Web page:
Brian Cox’s Adventures in Space and Time episode 4 – What Is Time?: Brian explores a simple question that is causing a big stir today: what is time? Modern science shows it to be far stranger than we think. He recalls some highlights from his TV series that touch upon different aspects of this physics conundrum: from a mind-boggling encounter with Doctor Who, to breaking the sound barrier in a Eurofighter in order to see two sunsets in one day, to witnessing one of the oldest animal life cycles on earth on a remote beach in Costa Rica.
He also explores Chankillo, the oldest and best-preserved astronomical observatory in the Americas.
Brian Cox’s Adventures in Space and Time episode 4 – What Is Time?
Cox studied physics at the University of Manchester during his music career. He earned a Bachelor of Science degree with first-class honours. After D:Ream disbanded in 1997, he completed his Doctor of Philosophy degree in high-energy particle physics at the University of Manchester. His thesis, Double Diffraction Dissociation at Large Momentum Transfer, was supervised by Robin Marshall and based on research he did on the H1 experiment at the Hadron Elektron Ring Anlage (HERA) particle accelerator at the DESY laboratory in Hamburg, Germany.
Everyone’s favourite softly-spoken physicist returns for this series looking back at his decade of science documentaries and pulling together some of their most breath-taking sequences to try and answer foundational questions like whether aliens exist, what gravity consists of and if we will ever be able to live in space. Presenting from the Royal Institution in London, Cox draws on material from hit BBC shows such as Wonders of the Universe, Forces of Nature and The Planets.
Time is the continued sequence of existence and events that occurs in an apparently irreversible succession from the past, through the present, into the future. It is a component quantity of various measurements used to sequence events, to compare the duration of events or the intervals between them, and to quantify rates of change of quantities in material reality or in the conscious experience. Time is often referred to as a fourth dimension, along with three spatial dimensions.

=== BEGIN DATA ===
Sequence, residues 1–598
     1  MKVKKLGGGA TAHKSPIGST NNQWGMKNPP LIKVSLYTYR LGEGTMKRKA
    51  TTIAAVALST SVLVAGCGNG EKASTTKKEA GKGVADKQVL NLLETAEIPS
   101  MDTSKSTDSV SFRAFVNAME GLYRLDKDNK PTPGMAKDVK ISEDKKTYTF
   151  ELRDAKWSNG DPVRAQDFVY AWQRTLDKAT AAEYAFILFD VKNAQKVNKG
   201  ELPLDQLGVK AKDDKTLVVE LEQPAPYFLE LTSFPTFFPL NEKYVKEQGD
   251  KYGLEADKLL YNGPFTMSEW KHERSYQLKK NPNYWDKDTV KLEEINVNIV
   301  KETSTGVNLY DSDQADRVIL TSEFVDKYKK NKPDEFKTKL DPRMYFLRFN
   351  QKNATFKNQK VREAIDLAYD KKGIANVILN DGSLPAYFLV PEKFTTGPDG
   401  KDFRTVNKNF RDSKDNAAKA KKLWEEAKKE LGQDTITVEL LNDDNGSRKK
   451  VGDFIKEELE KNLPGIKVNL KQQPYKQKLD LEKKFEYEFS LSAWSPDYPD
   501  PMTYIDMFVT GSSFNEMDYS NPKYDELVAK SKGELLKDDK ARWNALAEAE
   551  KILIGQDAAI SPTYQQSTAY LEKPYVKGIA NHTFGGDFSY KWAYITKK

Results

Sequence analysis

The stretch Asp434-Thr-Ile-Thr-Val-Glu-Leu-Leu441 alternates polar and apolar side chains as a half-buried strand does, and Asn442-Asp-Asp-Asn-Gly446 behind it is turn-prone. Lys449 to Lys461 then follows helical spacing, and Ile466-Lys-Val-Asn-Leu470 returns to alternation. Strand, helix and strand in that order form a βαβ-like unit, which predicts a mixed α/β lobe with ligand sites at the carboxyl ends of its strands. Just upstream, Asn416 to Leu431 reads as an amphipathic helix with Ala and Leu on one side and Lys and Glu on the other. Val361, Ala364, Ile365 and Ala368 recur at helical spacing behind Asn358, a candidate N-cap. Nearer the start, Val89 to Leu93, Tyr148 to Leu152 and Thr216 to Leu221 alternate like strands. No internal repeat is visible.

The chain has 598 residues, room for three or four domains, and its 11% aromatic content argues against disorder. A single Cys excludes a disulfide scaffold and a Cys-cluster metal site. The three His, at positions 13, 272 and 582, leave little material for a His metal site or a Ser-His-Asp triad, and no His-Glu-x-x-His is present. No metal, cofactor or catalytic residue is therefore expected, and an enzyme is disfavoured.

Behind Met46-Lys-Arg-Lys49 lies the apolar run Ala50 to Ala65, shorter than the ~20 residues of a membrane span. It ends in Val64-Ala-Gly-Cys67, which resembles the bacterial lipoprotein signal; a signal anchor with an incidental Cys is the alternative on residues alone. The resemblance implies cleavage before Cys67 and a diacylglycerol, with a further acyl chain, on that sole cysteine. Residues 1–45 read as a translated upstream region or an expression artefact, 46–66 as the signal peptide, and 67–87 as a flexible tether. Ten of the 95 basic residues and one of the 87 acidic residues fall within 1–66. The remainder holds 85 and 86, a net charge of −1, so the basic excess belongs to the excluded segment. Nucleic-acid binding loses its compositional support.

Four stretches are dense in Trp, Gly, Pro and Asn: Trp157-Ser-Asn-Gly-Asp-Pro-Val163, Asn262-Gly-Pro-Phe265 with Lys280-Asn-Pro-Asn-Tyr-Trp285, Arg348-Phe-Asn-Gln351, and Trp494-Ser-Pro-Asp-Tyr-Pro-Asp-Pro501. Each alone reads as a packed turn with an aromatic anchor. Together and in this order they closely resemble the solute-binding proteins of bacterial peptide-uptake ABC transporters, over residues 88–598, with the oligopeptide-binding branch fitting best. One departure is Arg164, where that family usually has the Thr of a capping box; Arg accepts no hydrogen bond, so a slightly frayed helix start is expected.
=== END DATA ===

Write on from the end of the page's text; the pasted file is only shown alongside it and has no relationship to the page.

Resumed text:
Time has long been an important subject of study in religion, philosophy, and science, but defining it in a manner applicable to all fields without circularity has consistently eluded scholars. Nevertheless, diverse fields such as business, industry, sports, the sciences, and the performing arts all incorporate some notion of time into their respective measuring systems.
Time in physics is operationally defined as “what a clock reads”.
The physical nature of time is addressed by general relativity with respect to events in space-time. Examples of events are the collision of two particles, the explosion of a supernova, or the arrival of a rocket ship. Every event can be assigned four numbers representing its time and position (the event’s coordinates). However, the numerical values are different for different observers. In general relativity, the question of what time it is now only has meaning relative to a particular observer. Distance and time are intimately related and the time required for light to travel a specific distance is the same for all observers, as first publicly demonstrated by Michelson and Morley. General relativity does not address the nature of time for extremely small intervals where quantum mechanics holds. At this time, there is no generally accepted theory of quantum general relativity.